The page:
Syrian refugee's German lawsuit against Facebook over 'fake news' terror claims begins

Anas Modamani, 19, is seeking a landmark injunction stopping the spread of defamatory posts

Click to follow
The Independent Online

A Syrian refugee suing Facebook over “fake news” falsely accusing him of terrorism says he has a “good feeling” about the outcome of the landmark case.

Anas Modamani’s chance selfie with Angela Merkel at his shelter in Berlin went viral in 2015, with the initially positive reaction becoming increasingly sinister after a wave of terror attacks in Europe.

The teenager’s picture was used in Facebook posts accusing him of links to terrorist attacks and the attempted murder of a homeless man in Berlin, with the images remaining online despite a series of attempts to have them removed.

Anas Modamani, a teenage Syrian refugee, took a selfie with Angela Merkel when she visited his shelter in Berlin on 10 September 2015 (Anas Modamani)

Mr Modamani, now 19, is now suing Facebook for damages and seeking an injunction that would force the social media giant to actively search for and remove such posts, rather than wait for users to flag violations of the site’s “community standards”.

His lawyer, Chan-jo Jun, said that Facebook has a legal responsibility to remove defamatory or discriminatory content that violates German law.

“Instead, Facebook has created an environment that allows illegal content to thrive,” he told The Independent, saying malicious posts about Mr Modamani had remained online despite repeated complaints. 

Mr Jun said that the legal community has a “chance to curb fake news, at least where the rights of individuals are violated”, and hopes his case could set a precedent for the future.

It also names a politician from the anti-immigrant Alternative for Germany party, who was allegedly among hundreds of people who shared one of the posts featuring the Syrian refugee’s picture.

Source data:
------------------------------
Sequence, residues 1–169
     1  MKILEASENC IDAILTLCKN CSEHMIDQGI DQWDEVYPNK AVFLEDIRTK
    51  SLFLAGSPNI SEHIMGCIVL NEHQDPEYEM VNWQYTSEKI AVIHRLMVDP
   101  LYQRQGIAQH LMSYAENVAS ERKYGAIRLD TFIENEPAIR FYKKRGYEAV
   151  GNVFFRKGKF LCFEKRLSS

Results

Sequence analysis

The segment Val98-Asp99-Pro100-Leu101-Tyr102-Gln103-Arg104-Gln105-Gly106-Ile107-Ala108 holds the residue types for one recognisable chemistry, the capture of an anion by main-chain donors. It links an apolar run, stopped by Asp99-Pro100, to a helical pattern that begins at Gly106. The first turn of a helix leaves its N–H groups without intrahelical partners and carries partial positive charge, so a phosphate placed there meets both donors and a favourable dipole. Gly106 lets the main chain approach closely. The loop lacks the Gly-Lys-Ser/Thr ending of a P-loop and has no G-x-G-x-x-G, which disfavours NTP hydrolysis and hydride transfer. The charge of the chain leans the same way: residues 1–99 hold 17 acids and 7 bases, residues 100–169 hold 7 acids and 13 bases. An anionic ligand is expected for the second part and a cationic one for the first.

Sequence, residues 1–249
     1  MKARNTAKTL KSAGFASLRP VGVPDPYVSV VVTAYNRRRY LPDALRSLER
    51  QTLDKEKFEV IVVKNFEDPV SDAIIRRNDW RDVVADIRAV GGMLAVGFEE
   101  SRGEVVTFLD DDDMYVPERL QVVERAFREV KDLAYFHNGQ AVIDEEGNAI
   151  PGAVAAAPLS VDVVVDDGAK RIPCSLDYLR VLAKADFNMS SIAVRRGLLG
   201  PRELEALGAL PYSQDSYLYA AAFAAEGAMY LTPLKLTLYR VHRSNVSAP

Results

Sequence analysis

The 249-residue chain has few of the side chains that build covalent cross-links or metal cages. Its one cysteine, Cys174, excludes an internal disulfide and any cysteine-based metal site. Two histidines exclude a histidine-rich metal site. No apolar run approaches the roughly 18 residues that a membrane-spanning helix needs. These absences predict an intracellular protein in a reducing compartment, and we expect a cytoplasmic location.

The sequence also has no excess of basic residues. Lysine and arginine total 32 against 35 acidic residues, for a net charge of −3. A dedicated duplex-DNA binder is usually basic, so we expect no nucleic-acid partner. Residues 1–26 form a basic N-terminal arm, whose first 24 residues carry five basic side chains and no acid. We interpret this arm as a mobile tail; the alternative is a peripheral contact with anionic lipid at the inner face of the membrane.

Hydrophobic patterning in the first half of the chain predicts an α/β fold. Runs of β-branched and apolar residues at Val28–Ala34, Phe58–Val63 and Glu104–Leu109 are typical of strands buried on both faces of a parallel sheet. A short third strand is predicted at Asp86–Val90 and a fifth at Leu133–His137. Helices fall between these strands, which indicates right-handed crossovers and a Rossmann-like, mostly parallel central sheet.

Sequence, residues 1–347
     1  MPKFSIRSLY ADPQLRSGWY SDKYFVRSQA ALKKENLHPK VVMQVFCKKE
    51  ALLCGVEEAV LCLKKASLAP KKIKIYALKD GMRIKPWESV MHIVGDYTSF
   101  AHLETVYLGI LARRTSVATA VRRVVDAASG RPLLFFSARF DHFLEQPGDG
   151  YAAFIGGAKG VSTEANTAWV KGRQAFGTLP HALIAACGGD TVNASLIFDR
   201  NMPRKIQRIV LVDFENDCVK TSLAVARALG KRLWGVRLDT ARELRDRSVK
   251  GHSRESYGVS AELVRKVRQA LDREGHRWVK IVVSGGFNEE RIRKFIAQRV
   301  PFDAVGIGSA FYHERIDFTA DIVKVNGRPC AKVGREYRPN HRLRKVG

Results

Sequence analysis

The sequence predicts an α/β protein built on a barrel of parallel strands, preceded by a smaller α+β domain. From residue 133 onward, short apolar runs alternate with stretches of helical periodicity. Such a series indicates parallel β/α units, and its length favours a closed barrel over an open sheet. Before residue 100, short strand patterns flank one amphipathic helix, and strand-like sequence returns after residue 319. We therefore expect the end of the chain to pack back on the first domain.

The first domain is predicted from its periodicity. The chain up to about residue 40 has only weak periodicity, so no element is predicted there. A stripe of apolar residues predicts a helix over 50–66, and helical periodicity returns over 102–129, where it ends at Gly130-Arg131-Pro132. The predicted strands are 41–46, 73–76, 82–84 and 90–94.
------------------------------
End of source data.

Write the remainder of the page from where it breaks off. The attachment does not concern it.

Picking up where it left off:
The case opened at Würzburg district court on Monday, with the courtroom packed with journalists and supporters.

Martin Munz, a lawyer representing Facebook, told the court that a billion pieces of content can be uploaded to the site in a single day, and that a “miracle machine” would be needed to sort through it.

Judge Volkmar Seipel, who admitted he was not a Facebook user himself, adjourned the case until 7 March for time to assess both sides.

“An amicable agreement is not possible today,” he said at the close of a 40-minute hearing. 

The judge will make a ruling next month, unless Facebook and Mr Modamani’s representatives reach an out-of-court settlement in the interim period.

The Syrian refugee, who now lives in Berlin with a German family, said he was returning home “with a good feeling”.

Mr Modamani had only been in Germany for a couple of weeks after journeying across the Aegean Sea and through the Balkans from a war-torn suburb of Damascus when he snapped his chance photo with Ms Merkel.

But the teenager had no idea that an agency photographer standing metres away had captured the moment on camera, with the image going viral in a matter of hours and dominating international news coverage.

It was swiftly picked up by far-right activists and groups in hate-fuelled social media posts that evolved into “fake news” stories spread on Facebook, accusing Mr Modamani of terrorism and attempted murder.

Among them is a combination of his selfie with CCTV images of one of the Brussels bombers, alleging he was among Isis militants who attacked the Belgian capital, with the caption “you reap what you sow”.

One of the Facebook posts, which remains available on the site, falsely accusing Anas Modamani of involvement in an attack on a homeless man in Berlin ()

The jihadis were identified, but Mr Modamani remained a target. As the hunt continued for the man who rammed a lorry into a Christmas market in Berlin in December, his photo popped up again.

It was superimposed on photos of the wreckage from the massacre in a mock news story with the headline “They are Merkel’s dead”.

Then, after a homeless man was set on fire by seven migrants at a Berlin underground station over Christmas, Mr Modamani was falsely alleged to be among the suspects.

The lies were repeated on Twitter and on websites posing as “anti-mainstream media” news outlets, where the articles remain.

He hoped the false stories would die down but as malicious claims continued to surface in new incarnations, an activist group that debunked the allegations put him in touch with a lawyer.

“I came to Germany because I wanted to live in peace, away from danger,” Mr Modamani told The Independent ahead of the court case. 

“I don’t want anyone to continue using my photo on Facebook. I want to live in peace without any problems.”

A spokesperson for Facebook said it took down one piece of content that “violates Mr Modamani's right of personality” at his lawyer’s request, adding: “Access to that reported content was quickly disabled, so we do not believe there is any basis for him to seek an injunction.”

The case is being closely watched as Germany prepares new legislation to force the social network to remove “hate speech” from its web pages within 24 hours or face fines.